The main objective of the Shanghai Cooperation Organisation’s (SCO) Energy Club, when Russia formed it, was to market its member states’ substantial oil and natural gas reserves. This map shows some of the important natural gas pipelines, originating from Russia and its neighbouring countries that are not members of the SCO. What can India do to secure supplies from these abundant but currently inaccessible natural gas reserves?
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Pakistan’s aspirations for oil and gas prospecting off its Makran coast, south-western Balochistan, are diverging from those of China, which has had a nearly two-decade long presence in Gwadar as an infrastructure provider. To turn Gwadar into the petrochemical hub it desires, Pakistan has sought out other benefactors, changing geopolitical equations in the region
Basing the global oil trade on the Yuan instead of the U.S. Dollar is one leg of China’s bid to convert its currency into the international reserve currency, replacing the dollar-dominated global financial architecture. But many factors impede the Yuan from reaching the maturity required for its global adoption.
Our Director, Amb. Neelam Deo, and our energy expert, Amit Bhandari, were interviewed by UAE-based The National on the geopolitical and energy implications of Chinese Premier Xi Jingping’s visit to UAE, and India’s place in the oil and gas supply chain. Read more
Yuan Peng, Vice President, and Dr. HU Shisheng, director, respectively of the Institute of South & Southeast Asian and Oceanian Studies, China Institute of Contemporary International Relations, Beijing, spoke to Gateway House about working towards ‘the final goal of denuclearisation’, India-China relations since the Doklam stand-off and addressing security concerns raised by the Belt and Road Initiative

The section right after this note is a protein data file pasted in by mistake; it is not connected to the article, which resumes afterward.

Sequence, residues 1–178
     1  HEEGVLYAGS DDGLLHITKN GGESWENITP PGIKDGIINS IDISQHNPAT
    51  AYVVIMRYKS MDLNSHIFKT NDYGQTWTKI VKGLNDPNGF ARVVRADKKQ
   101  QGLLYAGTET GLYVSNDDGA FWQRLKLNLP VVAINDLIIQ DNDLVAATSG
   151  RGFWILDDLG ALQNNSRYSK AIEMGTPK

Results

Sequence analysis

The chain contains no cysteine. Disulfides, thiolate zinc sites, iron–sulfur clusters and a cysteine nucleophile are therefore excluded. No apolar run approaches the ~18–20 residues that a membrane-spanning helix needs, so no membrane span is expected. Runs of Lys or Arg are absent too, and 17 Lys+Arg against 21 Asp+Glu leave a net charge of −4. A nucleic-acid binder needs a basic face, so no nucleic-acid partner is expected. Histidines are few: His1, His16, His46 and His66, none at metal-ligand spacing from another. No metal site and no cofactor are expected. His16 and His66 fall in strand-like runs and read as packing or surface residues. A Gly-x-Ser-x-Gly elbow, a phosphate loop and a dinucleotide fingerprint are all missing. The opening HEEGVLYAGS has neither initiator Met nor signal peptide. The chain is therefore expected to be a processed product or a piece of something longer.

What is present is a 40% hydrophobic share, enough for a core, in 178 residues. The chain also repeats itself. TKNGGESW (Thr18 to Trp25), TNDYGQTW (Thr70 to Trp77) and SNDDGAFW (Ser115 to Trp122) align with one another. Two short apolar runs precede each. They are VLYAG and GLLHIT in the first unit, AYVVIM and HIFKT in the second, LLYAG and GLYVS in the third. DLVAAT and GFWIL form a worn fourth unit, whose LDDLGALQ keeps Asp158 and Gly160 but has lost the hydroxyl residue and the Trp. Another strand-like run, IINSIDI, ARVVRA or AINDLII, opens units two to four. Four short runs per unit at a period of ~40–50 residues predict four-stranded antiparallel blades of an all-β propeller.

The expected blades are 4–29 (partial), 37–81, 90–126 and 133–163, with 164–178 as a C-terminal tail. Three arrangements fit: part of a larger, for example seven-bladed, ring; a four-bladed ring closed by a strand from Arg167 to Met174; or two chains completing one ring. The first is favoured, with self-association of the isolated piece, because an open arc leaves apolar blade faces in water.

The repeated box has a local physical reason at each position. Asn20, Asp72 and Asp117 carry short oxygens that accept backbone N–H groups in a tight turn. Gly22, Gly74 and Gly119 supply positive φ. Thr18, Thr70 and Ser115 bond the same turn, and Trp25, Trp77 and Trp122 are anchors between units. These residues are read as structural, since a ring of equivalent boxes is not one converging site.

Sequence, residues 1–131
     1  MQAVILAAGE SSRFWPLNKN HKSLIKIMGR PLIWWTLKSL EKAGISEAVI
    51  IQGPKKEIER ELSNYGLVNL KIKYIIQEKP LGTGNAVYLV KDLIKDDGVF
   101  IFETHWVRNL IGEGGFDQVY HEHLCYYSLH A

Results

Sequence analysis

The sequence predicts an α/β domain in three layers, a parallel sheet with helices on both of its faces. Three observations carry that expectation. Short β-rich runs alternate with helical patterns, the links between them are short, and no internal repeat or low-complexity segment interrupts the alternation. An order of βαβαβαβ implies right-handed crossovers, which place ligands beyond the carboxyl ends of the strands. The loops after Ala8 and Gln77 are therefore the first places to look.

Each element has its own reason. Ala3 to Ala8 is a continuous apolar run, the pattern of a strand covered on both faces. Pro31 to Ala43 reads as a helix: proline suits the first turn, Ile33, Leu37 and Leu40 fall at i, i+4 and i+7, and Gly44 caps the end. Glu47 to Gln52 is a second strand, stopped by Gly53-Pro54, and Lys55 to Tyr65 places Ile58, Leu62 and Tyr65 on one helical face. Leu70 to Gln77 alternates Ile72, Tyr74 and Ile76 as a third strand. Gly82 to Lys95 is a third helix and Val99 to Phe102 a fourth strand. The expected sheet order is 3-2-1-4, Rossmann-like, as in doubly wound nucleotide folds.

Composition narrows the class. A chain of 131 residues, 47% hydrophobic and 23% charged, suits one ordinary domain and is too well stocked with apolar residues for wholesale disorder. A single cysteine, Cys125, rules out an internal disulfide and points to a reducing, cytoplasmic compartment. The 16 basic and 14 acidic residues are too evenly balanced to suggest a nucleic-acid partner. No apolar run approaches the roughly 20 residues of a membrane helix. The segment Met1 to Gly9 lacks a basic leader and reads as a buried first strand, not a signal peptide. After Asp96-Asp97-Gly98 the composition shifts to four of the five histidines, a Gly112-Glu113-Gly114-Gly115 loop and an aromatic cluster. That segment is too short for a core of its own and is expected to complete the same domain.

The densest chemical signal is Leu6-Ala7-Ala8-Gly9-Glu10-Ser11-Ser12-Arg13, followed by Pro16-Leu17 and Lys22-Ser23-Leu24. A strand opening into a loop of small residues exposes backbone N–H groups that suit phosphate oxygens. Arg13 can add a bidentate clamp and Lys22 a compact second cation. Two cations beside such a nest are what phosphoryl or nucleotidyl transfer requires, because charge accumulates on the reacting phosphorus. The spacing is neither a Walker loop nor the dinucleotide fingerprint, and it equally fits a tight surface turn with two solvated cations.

China’s ostensible intentions are to turn Gwadar port into a focal point of the China Pakistan Economic Corridor. But the geography of the region is a major stumbling block in the realisation of these ambitions and raises questions about the project’s underlying motives
India may end up being the unintended victim of renewed U.S. sanctions on Iran. It will push up the price of oil and cost India billions of dollars annually
The removal of 11 top ministers in the Riyadh government last week by the young crown prince Mohammad bin Salman, is a geopolitical upheaval, the implications are serious. Domestically, the kingdom is seeking to liberalise its conservative society and move away from oil-dependency – evident from the expected listing of its crown jewel Aramco. For India, which imports oil largely from West Asia, instability could cause a spike in prices, leaving less for its ambitious reforms. Globally, there is now space for new alignments – in the Great Power plays, in the Shia-Sunni rivalry, and in the war on terrorism.
The sheen is coming off China’s state-owned oil companies, which have been hit by the country’s political churning and by their own excesses of buying assets at the peak of the cycle. Now with oil prices low, India has the chance to make well-priced acquisitions without Chinese competition.
India has applied to be a member of the Nuclear Suppliers Group, but its ambition is being thwarted by China. However, developments in renewable energy mean China’s veto will have little impact on India’s clean energy push.